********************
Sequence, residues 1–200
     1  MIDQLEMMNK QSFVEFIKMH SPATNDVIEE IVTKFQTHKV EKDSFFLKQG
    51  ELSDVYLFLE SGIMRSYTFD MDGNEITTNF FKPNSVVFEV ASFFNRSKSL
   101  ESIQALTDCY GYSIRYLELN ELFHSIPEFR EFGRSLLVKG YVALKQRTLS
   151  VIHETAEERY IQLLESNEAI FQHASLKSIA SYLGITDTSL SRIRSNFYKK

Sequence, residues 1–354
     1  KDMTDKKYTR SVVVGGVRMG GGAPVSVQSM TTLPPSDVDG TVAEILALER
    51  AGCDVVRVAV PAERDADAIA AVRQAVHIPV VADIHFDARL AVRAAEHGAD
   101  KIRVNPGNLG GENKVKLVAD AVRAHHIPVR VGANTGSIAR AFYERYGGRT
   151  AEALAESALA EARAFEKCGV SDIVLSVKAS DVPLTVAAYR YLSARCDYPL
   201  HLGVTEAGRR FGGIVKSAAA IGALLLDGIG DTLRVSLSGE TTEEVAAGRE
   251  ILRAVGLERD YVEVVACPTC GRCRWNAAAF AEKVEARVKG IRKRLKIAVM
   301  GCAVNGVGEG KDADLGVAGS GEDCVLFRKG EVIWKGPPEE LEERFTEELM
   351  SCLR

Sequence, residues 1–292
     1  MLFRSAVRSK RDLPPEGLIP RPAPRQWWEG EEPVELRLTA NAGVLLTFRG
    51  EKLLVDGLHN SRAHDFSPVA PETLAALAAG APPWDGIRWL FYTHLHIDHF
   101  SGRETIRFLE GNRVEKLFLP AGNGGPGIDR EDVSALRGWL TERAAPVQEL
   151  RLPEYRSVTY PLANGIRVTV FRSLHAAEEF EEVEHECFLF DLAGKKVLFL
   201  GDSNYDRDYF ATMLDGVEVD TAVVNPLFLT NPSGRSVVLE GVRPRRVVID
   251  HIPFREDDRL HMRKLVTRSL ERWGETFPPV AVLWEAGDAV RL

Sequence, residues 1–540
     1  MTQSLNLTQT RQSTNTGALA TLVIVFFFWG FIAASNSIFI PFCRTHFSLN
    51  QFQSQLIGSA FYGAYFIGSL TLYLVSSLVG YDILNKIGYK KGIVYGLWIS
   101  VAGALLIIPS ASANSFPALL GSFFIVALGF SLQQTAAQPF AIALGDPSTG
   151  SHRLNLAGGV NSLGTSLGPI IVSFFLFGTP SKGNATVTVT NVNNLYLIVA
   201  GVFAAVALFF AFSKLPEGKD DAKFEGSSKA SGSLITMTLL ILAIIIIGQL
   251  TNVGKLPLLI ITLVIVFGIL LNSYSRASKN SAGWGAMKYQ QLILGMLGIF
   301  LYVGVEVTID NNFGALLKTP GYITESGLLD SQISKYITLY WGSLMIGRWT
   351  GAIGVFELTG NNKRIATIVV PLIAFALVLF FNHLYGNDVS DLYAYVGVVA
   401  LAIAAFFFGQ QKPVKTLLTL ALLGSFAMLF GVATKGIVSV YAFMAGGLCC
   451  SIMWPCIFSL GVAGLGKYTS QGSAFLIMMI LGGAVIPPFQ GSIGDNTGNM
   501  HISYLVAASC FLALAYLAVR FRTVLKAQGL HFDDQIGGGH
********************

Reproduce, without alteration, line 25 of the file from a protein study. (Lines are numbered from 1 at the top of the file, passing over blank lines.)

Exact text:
   101  VAGALLIIPS ASANSFPALL GSFFIVALGF SLQQTAAQPF AIALGDPSTG